Carolina Journal‘s John Trump writes for Daily Journal:

Buffalo Trace and Blanton’s are virtual unicorns for bourbon lovers living in North Carolina. Getting the chance to buy a bottle, particularly Blanton’s, in North Carolina is — using a movie reference — akin to finding a golden ticket in an oversized bar of chocolate.

North Carolina gets products from the Buffalo Trace Distillery in Frankfort, Kentucky  — which makes the iconic and mostly unattainable Pappy Van Winkle — only a couple times a year, and those bottles are subsequently allotted to N.C. Alcoholic Control Commission boards around the state.

Buffalo Trace, the distillery’s flagship bourbon, isn’t hard to find in Kentucky and many other states — granted, it may cost more — but good luck finding a bottle in North Carolina.

The Wake County ABC posted on its Facebook page this week that it received shipments “of some allocated rare bourbons. We will be transferring these products to our stores over the next week or so. Please be patient as this is done. These allocated products will be limited to (one) bottle per retail customer of each.”

Most customers, then, are left to guess when during the week respective stores will get the bourbon, and exactly what each store will get. A clerk at one of the largest stores in Wake County told me Tuesday he didn’t know when that store would get the Blanton’s. Wednesday? Nope, not yet. Don’t know.

Just keep showing up, I guess? Call incessantly and bug people to death?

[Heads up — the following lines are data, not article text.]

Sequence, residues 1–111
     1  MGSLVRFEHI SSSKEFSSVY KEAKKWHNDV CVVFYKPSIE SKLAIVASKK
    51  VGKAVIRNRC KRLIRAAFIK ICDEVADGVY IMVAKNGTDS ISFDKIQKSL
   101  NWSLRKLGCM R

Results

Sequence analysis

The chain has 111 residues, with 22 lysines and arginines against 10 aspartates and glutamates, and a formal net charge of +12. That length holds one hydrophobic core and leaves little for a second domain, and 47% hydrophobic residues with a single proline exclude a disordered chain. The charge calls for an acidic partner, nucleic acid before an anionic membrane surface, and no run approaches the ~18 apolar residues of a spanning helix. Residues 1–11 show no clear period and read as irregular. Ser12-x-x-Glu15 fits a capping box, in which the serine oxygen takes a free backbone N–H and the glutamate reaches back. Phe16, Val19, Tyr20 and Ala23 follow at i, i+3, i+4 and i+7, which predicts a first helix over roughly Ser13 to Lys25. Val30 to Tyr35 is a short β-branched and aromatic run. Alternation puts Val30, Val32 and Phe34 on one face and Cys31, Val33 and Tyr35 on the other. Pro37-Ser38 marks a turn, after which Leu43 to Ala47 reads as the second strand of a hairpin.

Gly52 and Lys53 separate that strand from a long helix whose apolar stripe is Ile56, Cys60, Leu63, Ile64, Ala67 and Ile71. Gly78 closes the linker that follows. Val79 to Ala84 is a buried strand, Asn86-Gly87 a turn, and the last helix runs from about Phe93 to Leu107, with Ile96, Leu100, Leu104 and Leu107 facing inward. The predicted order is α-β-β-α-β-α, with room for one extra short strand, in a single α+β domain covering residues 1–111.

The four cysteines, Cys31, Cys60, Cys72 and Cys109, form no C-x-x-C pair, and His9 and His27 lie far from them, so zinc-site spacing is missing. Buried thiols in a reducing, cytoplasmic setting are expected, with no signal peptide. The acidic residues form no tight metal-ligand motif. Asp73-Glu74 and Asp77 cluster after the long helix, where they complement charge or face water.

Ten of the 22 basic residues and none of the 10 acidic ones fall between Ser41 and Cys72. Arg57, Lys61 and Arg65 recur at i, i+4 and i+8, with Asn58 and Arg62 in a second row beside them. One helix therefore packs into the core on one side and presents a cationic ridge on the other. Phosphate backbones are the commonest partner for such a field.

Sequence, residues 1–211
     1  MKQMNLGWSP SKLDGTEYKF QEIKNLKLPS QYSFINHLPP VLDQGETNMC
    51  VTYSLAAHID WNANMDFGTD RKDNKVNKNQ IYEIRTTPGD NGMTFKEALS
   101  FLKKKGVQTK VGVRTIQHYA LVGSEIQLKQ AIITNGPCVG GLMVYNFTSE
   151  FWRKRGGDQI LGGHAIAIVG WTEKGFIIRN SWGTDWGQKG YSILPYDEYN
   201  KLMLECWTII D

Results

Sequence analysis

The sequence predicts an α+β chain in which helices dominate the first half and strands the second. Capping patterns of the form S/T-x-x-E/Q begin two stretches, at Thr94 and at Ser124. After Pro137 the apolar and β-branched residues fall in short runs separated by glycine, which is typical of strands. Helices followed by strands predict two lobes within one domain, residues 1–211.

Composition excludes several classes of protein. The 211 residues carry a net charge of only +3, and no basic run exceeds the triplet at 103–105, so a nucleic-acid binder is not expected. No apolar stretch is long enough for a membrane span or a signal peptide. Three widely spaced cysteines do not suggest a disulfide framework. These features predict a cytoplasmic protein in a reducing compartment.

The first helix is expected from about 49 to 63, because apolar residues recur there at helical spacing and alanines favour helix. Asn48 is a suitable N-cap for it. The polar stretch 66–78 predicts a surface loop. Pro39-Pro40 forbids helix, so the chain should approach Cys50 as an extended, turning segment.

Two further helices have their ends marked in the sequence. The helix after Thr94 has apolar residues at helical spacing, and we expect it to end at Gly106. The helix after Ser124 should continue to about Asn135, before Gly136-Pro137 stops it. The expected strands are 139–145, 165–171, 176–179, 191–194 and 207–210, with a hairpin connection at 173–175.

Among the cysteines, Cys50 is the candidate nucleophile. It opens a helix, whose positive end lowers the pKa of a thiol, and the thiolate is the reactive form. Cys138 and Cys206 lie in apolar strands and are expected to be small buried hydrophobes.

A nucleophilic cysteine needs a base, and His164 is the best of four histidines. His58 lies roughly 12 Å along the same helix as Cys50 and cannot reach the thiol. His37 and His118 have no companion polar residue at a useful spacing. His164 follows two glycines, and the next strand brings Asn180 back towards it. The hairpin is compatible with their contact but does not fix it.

Join any bourbon-centric social media thread with ties to North Carolina and a plethora of similar stories appear. A thriving and illegal secondary market only accentuates the problem, as bourbons such as Pappy can fetch so much more than what it sells for in price-controlled North Carolina.

To be clear, this isn’t the fault of store clerks and managers, who, by my experience, have been consistently knowledgeable, pleasant and helpful. I know ABC store managers, two in particular, who make extraordinary efforts to serve customers and to stock their stores with products both popular and rare. These are good people doing good work.

Thing is, the system in which they operate is broken and in dire need of reform. Almost daily now, state lawmakers are filing myriad bills toward reforming the system. The momentum is building, yet the Buffalo Trace fiasco is just one example of an 80-year-old problem.

Read more here.